Summary List Placement
A 7.2 magnitude earthquake has hit 7.5 miles northeast of Saint-Louis-du-Sud, on the South West Coast of Haiti.
The quake struck the country at roughly 8:30am local time, 150km west of the capital, Port-au-Prince.
Then, 20 minutes after the first quake, a 5.2 magnitude tremor struck the island.
Videos from social media show destroyed buildings and distressed voices shouting as the population reel from the disaster.
US Geological Survey is estimating “high casualties” and widespread disaster, according to CNN.
Flooding appears to have started in the country, raising the risk for more damage to follow the quake.
— Mundo en Conflicto 🌎 (@MundoEConflicto) August 14, 2021
#NEW: Images reveal mass destruction following the 7.2 earthquake in #Haiti. Similar in strength to the catastrophic earthquake that killed more than 160,000 people in the Caribbean country in 2010, according to a study. pic.twitter.com/1RYFlv31af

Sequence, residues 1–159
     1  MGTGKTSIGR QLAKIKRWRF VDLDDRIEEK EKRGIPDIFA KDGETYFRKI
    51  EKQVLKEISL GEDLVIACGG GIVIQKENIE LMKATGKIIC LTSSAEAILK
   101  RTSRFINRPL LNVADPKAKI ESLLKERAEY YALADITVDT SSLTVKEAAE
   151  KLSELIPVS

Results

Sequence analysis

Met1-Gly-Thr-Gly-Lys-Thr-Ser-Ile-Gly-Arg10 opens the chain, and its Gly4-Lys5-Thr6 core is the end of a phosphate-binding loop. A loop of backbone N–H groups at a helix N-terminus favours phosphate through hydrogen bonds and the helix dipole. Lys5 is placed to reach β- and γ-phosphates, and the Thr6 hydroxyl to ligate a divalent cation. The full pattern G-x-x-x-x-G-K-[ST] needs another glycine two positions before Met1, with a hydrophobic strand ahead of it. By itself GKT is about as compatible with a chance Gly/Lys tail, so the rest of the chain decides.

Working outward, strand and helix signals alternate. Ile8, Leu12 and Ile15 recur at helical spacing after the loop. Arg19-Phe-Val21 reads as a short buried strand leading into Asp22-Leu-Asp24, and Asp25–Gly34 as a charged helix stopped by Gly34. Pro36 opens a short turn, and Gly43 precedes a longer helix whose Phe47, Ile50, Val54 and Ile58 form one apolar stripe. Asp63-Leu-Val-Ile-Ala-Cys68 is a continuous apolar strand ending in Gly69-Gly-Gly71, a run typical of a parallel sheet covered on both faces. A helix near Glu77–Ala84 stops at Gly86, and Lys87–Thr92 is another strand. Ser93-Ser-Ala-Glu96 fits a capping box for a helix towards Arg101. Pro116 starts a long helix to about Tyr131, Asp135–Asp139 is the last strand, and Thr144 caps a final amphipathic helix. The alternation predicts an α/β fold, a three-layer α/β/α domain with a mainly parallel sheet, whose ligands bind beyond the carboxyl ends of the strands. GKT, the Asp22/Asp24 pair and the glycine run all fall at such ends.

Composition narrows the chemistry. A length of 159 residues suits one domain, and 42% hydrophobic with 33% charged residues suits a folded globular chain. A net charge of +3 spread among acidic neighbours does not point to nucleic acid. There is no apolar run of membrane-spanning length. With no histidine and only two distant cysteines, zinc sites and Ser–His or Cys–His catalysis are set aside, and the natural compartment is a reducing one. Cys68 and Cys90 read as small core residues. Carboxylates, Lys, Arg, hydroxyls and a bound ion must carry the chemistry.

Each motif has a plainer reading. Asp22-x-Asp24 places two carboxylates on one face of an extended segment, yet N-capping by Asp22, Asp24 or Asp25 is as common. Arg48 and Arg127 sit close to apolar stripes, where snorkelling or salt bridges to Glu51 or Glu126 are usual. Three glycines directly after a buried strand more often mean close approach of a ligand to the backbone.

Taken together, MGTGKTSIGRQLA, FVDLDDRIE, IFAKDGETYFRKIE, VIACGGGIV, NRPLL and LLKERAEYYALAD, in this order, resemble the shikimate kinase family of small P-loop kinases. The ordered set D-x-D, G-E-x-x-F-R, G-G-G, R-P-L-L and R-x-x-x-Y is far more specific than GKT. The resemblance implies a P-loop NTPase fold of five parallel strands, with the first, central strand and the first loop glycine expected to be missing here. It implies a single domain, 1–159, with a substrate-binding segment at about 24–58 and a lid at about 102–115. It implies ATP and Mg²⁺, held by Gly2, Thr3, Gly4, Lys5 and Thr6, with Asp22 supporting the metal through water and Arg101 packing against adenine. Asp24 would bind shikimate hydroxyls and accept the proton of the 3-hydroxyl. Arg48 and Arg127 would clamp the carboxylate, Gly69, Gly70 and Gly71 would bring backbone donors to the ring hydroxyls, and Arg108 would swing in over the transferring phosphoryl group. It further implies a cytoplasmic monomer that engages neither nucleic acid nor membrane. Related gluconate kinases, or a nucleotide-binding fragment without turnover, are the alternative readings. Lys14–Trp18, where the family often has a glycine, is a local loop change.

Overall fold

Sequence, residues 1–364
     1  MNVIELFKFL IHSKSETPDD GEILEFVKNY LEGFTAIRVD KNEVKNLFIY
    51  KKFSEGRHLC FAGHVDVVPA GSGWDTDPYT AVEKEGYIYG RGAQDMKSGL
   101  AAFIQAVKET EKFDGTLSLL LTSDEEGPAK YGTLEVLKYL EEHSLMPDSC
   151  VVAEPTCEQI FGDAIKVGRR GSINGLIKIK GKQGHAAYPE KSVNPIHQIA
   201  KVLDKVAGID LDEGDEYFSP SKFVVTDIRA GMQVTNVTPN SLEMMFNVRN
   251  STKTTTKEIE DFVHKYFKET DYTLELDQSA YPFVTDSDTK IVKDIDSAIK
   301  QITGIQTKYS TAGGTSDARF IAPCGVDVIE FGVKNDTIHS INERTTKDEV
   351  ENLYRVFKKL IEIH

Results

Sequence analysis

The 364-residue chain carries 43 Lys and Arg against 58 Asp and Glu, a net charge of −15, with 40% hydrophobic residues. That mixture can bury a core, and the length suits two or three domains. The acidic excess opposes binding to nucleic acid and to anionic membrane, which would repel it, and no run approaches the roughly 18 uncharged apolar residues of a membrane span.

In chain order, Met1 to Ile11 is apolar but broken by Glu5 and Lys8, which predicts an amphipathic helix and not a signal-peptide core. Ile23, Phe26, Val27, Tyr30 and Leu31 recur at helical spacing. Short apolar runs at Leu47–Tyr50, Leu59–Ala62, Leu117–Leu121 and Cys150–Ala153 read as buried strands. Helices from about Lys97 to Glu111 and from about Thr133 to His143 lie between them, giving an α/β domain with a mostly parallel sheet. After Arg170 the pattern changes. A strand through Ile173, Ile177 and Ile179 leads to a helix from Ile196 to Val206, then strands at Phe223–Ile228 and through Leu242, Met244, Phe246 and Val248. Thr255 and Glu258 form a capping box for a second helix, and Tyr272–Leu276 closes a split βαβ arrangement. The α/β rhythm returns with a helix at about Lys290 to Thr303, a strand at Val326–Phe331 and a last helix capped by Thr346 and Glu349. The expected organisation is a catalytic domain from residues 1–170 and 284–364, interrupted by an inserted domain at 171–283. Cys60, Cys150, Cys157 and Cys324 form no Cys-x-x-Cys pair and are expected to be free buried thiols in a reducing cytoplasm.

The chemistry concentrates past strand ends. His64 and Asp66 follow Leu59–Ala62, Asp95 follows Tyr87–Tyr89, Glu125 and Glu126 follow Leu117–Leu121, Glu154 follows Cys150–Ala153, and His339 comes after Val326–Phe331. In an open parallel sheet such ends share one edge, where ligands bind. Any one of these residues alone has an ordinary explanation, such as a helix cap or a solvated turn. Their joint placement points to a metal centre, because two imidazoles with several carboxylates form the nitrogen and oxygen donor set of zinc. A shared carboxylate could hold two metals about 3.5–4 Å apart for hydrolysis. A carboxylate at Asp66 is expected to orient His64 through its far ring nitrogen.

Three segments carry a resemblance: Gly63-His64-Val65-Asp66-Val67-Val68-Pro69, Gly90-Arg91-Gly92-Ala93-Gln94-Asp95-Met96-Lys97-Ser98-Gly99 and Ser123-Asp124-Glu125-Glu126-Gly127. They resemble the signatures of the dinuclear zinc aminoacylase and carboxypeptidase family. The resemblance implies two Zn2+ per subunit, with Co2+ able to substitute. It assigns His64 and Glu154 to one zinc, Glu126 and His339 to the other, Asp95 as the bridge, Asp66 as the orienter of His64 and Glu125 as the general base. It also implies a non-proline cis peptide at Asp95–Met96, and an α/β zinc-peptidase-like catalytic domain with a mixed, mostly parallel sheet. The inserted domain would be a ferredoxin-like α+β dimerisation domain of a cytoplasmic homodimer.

— Leonardo Feldman (@LeoFeldmanNEWS) August 14, 2021
Haitian authorities have confirmed that there have been fatalities and damages on the island, but neither has been quantified yet.
9:36 AM – La situation actuelle de la cité des poètes pic.twitter.com/hhdgMMZGDh
— Ralph Simon (@RalphSimon13) August 14, 2021
The US Tsunami Warning System has forecasted “hazardous tsunami waves,” with predictions of waves reaching up to three meters above the tide level along the coast of Haiti.
A 7.0 magnitude quake rocked the country in 2010, killing between 220,000 and 300,000.
The impoverished Caribbean nation is still recovering from the 2010 disaster.
52 aftershocks followed the 2010 quake – which raises the question of how much damage is still yet to come from today’s tremor.
In 2017, the United Nations stated that 2.5 million Haitians still needed aid following the 7.0 magnitude quake seven years before.
U.N. Humanitarian Coordinator Mourad Wahba said, “There are still about 55,000 people in camps and makeshift camps. Many are still living in unsanitary conditions due to displacement caused by the earthquake. We have a very long way to go.”